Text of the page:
Colonists from Noise: A Human History of Sound and Listening
The colonists liked to imagine that their new homeland was an empty wilderness -- but of course they weren't the first to live there. Settlers arriving in the 17th century decreed the songs and sounds of native American Indians to be bloodcurdling, barbaric, and wild. Professor David Hendy of the University of Sussex explores how for many Native Americans sound itself was thought of as being alive.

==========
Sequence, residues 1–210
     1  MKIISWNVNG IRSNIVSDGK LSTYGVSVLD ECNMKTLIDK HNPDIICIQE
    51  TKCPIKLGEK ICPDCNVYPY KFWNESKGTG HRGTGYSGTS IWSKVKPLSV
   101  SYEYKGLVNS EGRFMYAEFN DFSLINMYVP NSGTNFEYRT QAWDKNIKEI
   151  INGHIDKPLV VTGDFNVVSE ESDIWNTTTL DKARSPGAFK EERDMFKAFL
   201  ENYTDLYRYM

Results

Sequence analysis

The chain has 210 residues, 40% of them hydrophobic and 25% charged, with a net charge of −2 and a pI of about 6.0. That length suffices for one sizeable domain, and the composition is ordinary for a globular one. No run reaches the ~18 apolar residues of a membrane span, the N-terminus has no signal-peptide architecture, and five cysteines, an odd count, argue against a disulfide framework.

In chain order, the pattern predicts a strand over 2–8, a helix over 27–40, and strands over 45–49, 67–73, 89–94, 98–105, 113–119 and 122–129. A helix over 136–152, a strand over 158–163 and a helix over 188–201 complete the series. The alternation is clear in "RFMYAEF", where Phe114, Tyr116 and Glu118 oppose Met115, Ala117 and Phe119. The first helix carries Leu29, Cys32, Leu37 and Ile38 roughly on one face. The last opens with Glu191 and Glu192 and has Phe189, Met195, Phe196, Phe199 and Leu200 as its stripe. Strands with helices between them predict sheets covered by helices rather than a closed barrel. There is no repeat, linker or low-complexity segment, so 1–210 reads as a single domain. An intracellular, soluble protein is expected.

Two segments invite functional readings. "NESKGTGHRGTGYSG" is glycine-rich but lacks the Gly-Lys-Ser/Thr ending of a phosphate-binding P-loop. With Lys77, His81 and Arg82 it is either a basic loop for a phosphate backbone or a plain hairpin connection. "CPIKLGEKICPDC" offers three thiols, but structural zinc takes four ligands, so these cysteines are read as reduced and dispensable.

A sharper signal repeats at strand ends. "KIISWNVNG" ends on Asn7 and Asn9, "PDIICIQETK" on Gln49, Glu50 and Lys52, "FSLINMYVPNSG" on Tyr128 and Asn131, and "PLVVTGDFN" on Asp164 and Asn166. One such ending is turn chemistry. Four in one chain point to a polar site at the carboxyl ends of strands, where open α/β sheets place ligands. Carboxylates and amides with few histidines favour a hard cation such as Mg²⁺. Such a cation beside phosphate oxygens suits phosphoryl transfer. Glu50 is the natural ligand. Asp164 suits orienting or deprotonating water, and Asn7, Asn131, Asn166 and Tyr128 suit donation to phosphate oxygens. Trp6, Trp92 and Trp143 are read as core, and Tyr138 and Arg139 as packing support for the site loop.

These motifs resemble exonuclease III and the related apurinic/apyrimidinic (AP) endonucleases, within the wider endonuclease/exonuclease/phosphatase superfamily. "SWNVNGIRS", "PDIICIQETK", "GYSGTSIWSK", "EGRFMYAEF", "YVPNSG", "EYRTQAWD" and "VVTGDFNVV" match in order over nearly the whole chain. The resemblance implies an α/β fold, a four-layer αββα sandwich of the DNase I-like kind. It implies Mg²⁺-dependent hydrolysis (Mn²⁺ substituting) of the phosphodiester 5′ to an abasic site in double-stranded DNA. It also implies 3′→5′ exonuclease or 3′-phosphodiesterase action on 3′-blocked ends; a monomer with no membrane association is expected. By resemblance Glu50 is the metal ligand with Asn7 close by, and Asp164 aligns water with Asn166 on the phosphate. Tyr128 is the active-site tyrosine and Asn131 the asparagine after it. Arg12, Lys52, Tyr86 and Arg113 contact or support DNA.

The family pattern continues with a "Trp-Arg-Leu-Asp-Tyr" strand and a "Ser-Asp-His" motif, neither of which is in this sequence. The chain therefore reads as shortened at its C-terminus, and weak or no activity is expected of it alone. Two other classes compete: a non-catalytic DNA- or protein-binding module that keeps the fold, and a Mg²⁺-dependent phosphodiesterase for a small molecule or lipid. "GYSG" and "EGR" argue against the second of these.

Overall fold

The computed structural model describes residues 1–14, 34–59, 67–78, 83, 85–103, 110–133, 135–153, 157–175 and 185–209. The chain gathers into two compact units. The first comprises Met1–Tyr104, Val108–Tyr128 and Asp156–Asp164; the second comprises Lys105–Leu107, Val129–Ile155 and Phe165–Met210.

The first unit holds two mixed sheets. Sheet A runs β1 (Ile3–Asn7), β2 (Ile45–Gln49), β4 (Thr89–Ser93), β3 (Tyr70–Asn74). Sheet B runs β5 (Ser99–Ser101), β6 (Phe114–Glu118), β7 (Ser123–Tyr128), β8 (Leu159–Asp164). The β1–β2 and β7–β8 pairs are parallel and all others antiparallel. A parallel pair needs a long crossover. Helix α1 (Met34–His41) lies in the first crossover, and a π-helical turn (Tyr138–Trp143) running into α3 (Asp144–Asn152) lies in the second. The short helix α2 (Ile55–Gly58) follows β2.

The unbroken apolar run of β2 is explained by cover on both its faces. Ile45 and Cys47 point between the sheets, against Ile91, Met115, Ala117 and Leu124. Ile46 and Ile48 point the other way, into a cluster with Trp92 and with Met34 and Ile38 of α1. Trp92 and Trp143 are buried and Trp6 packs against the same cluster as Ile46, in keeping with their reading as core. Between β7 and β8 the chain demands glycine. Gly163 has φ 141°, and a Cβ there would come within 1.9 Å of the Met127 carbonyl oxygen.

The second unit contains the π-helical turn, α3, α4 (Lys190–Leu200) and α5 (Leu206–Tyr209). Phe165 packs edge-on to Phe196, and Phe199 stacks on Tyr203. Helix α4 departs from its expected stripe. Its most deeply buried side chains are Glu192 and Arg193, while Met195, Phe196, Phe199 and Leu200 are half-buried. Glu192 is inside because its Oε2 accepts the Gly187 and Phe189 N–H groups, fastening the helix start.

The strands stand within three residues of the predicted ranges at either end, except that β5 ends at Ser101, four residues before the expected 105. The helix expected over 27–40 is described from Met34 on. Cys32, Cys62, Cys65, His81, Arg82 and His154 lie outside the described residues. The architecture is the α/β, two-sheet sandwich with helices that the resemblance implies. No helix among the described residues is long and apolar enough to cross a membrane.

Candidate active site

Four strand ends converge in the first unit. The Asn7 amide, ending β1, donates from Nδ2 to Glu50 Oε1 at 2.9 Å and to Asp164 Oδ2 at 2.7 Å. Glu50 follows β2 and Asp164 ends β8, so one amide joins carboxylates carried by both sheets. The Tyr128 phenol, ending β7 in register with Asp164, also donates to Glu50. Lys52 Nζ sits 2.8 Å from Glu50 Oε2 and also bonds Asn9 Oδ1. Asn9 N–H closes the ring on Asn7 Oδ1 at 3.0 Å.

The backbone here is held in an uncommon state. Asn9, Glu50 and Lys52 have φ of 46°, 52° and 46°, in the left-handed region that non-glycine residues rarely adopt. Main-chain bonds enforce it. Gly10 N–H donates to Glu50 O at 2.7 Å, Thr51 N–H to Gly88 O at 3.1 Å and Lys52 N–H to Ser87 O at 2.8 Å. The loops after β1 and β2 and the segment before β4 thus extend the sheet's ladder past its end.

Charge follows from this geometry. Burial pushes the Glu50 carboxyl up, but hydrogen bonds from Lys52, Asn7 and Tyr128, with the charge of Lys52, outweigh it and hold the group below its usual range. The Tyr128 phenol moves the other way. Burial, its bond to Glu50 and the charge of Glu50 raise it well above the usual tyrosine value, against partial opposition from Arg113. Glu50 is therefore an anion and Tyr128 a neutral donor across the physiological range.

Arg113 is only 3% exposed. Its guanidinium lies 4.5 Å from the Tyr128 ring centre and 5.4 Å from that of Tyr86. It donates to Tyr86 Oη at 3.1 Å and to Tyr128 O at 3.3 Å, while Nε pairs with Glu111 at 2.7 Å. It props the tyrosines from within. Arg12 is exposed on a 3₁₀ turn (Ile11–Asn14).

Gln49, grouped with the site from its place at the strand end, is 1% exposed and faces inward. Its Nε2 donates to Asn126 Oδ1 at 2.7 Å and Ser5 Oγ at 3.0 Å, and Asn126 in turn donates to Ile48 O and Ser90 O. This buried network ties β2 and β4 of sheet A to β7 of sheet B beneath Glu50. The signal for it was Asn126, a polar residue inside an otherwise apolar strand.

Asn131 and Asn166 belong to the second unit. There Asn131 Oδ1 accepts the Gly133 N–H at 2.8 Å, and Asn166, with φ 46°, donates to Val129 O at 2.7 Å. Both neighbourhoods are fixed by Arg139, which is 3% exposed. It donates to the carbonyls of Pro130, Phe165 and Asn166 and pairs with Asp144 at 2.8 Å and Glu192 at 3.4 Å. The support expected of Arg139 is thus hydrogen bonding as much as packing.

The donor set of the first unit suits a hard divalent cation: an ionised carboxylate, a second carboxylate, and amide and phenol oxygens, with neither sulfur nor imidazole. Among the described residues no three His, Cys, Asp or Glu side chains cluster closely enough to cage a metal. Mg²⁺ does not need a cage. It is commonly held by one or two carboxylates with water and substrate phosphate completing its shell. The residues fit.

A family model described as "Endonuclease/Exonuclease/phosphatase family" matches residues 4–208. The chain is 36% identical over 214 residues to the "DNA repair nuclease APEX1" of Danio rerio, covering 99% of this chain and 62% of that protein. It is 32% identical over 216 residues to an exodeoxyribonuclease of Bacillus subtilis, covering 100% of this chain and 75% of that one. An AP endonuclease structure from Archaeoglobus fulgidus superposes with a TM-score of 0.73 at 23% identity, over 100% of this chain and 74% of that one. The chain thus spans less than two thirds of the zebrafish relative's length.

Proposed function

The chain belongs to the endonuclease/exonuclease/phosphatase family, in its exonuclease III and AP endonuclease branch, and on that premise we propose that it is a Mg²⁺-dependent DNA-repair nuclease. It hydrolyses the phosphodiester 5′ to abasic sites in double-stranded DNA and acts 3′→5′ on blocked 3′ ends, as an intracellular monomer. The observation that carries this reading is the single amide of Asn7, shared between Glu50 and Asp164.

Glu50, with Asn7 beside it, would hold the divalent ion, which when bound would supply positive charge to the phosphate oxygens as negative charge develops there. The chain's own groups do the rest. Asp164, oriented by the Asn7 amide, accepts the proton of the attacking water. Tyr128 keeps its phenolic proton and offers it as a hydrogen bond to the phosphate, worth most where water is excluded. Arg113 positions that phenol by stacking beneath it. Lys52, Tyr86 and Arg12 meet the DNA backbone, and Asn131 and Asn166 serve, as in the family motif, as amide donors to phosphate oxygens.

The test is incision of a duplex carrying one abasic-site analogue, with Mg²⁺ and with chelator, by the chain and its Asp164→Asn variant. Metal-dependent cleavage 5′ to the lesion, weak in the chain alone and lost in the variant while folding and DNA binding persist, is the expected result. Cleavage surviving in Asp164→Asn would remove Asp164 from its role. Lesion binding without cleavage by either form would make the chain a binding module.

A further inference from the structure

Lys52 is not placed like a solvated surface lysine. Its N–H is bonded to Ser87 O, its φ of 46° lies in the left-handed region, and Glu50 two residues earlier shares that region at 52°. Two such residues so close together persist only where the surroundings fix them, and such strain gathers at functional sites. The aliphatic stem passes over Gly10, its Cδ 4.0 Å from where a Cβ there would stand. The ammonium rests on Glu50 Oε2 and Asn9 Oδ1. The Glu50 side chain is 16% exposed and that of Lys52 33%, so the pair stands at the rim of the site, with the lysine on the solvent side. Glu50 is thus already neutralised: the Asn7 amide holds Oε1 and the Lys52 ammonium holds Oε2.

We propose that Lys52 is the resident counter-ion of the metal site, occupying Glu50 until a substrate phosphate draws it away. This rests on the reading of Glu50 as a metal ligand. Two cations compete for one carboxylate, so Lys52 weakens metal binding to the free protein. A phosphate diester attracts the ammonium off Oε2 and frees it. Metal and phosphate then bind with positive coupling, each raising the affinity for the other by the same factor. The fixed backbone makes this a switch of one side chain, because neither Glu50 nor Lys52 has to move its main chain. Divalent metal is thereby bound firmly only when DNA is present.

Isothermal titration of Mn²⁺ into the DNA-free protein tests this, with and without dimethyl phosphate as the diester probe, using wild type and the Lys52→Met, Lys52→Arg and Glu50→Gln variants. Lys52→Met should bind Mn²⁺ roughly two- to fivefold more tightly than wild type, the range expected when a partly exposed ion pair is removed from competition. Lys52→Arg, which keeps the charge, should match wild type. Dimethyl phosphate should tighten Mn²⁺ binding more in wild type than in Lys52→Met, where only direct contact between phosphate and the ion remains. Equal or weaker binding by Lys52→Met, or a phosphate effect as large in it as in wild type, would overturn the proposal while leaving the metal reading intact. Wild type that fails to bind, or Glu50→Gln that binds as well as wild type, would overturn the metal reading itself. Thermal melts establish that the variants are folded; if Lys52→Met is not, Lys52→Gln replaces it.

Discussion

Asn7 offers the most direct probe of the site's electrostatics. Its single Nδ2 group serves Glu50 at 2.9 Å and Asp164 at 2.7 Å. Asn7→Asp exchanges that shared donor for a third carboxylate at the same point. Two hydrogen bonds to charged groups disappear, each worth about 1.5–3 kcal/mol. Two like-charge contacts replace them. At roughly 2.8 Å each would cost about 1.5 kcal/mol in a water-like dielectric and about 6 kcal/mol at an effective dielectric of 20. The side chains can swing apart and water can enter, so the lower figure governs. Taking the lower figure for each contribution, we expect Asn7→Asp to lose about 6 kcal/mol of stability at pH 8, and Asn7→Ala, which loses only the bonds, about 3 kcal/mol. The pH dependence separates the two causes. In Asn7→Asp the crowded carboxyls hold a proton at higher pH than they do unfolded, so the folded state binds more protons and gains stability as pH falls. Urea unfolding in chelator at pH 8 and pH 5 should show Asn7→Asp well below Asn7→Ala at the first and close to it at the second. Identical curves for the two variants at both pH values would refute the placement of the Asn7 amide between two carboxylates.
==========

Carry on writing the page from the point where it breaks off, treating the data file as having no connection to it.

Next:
Shutting In from Noise: A Human History of Sound and Listening
In the eighteenth century, Edinburgh was one of most overcrowded cities in Europe. Narrow alleys separated looming tenement buildings, each housing multiple families. Individuals of very different classes and ways of life had to rub along in cramped conditions. We will squeeze in among them, to hear how a similar situation in Paris led to a surreal and brutal massacre of cats.